November 29, 2022STANDARD OPERATING PROCEDURES
Process vs. Procedure: What’s the Difference?
It’s not unusual for operations managers to use the words “process” and “procedure” interchangeably. But when do we use which: process vs. procedure? Or, do they mean the same thing?
Like other terminologies within industry spheres, this debate has likely been the subject of private internal dialogues for ages.
The good news is that the confusion ends today. But, yes, there is a difference between process vs. procedure.
Keep reading to learn how these terms relate to business needs, how workflows help streamline procedures, and how you can automate your processes and procedures for increased efficiency.
Process vs. Procedure: What’s the Difference?
The primary difference between process and procedure is in terms of depth.
A process describes a sequence of events leading to achieving a particular goal. In other words, it’s an overview of the actions included within a particular task.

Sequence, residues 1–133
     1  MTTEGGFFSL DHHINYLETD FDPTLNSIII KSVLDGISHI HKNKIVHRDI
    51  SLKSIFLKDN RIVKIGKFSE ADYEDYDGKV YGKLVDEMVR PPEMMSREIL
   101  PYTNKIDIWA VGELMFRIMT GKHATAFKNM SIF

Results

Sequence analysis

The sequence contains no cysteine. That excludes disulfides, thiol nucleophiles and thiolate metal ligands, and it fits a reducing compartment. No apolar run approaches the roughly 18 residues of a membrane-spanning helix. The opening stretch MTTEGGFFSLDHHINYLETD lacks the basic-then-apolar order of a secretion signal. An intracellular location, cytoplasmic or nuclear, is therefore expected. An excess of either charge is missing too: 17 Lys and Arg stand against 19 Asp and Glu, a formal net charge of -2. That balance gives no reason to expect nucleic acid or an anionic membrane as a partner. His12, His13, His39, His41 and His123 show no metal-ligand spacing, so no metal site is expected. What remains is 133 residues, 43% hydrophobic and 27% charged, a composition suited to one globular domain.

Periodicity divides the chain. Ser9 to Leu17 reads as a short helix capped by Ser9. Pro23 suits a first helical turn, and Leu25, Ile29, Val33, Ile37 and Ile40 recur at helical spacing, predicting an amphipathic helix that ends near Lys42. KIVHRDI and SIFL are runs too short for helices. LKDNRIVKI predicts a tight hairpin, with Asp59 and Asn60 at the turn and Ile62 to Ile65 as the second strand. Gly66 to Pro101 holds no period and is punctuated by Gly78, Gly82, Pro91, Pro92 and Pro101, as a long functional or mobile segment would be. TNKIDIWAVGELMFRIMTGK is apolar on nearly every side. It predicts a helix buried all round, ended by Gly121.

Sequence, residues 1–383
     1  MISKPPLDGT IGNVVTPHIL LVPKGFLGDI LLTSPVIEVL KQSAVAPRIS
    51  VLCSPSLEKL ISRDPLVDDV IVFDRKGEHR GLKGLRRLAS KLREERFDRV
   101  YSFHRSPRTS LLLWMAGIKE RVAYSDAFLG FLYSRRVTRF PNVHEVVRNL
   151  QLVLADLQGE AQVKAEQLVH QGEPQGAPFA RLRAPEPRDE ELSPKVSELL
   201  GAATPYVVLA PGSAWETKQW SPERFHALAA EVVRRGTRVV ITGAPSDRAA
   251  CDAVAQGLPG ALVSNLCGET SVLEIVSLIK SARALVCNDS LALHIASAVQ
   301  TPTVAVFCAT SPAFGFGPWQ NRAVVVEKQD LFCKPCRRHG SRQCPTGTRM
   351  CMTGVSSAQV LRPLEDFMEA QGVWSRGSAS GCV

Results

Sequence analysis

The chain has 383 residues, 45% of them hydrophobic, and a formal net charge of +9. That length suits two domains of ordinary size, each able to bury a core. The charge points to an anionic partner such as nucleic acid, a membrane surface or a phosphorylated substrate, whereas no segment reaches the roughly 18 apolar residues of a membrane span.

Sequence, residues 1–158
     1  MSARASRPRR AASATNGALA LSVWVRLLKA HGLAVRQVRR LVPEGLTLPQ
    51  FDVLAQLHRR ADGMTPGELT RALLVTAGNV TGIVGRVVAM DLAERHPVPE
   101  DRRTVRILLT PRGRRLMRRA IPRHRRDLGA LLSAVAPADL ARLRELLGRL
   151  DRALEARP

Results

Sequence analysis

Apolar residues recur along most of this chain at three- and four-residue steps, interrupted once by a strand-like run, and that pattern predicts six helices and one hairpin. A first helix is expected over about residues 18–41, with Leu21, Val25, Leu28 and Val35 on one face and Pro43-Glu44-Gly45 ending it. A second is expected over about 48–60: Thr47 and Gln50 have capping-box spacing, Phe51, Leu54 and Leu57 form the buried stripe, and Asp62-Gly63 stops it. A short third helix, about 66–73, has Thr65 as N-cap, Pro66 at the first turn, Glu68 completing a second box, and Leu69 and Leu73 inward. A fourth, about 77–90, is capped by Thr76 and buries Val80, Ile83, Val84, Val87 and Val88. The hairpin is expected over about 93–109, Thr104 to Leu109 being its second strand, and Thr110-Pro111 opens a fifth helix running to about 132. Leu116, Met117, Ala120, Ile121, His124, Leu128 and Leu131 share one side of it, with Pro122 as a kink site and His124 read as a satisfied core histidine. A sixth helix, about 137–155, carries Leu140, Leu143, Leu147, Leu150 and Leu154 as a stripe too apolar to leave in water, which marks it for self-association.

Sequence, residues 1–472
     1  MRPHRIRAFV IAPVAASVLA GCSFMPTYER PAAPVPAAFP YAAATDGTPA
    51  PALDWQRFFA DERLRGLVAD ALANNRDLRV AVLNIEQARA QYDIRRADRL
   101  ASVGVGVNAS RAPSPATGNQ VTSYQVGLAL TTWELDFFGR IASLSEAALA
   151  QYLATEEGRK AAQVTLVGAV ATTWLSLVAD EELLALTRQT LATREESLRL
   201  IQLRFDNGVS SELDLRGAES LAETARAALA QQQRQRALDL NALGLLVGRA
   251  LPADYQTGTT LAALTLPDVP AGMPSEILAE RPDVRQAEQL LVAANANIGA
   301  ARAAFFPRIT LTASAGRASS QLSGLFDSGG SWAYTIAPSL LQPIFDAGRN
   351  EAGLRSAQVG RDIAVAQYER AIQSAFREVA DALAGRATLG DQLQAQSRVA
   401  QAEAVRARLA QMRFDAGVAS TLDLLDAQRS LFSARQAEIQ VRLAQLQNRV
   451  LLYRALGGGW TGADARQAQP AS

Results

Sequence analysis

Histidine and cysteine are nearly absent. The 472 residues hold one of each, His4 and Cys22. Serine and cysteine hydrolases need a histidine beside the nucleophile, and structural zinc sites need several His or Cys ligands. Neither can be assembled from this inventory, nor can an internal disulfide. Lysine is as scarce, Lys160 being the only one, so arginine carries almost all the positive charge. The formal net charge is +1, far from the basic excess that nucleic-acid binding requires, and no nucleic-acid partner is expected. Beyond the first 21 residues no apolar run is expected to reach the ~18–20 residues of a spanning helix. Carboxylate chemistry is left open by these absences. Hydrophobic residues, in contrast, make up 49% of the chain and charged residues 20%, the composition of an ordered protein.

Alternatively, a procedure details precise instructions on exactly how to complete a task. Procedures provide workers with clear, step-by-step guidelines for fulfilling assigned tasks.
Another way to think about the difference between process and procedure is this: processes describe the “what,” while procedures answer the “how.” A process outlines the set of steps to follow for a particular goal. A procedure is a specified way of following the steps.
Thus, the most notable difference between the two words is broad information vs. detailed information. Below is an example of how the two terms may function in practice.
Example 1: Process vs. Procedure
MaintainX provides operational and maintenance professionals with a computerized maintenance management system (CMMS).
A CMMS software platform automates maintenance scheduling, organizes historical asset data, and supports cost-effective O&M decision-making.
Our mobile and desktop applications allow users to assign technicians digital work orders (aka processes) with attached digital checklists (aka procedures).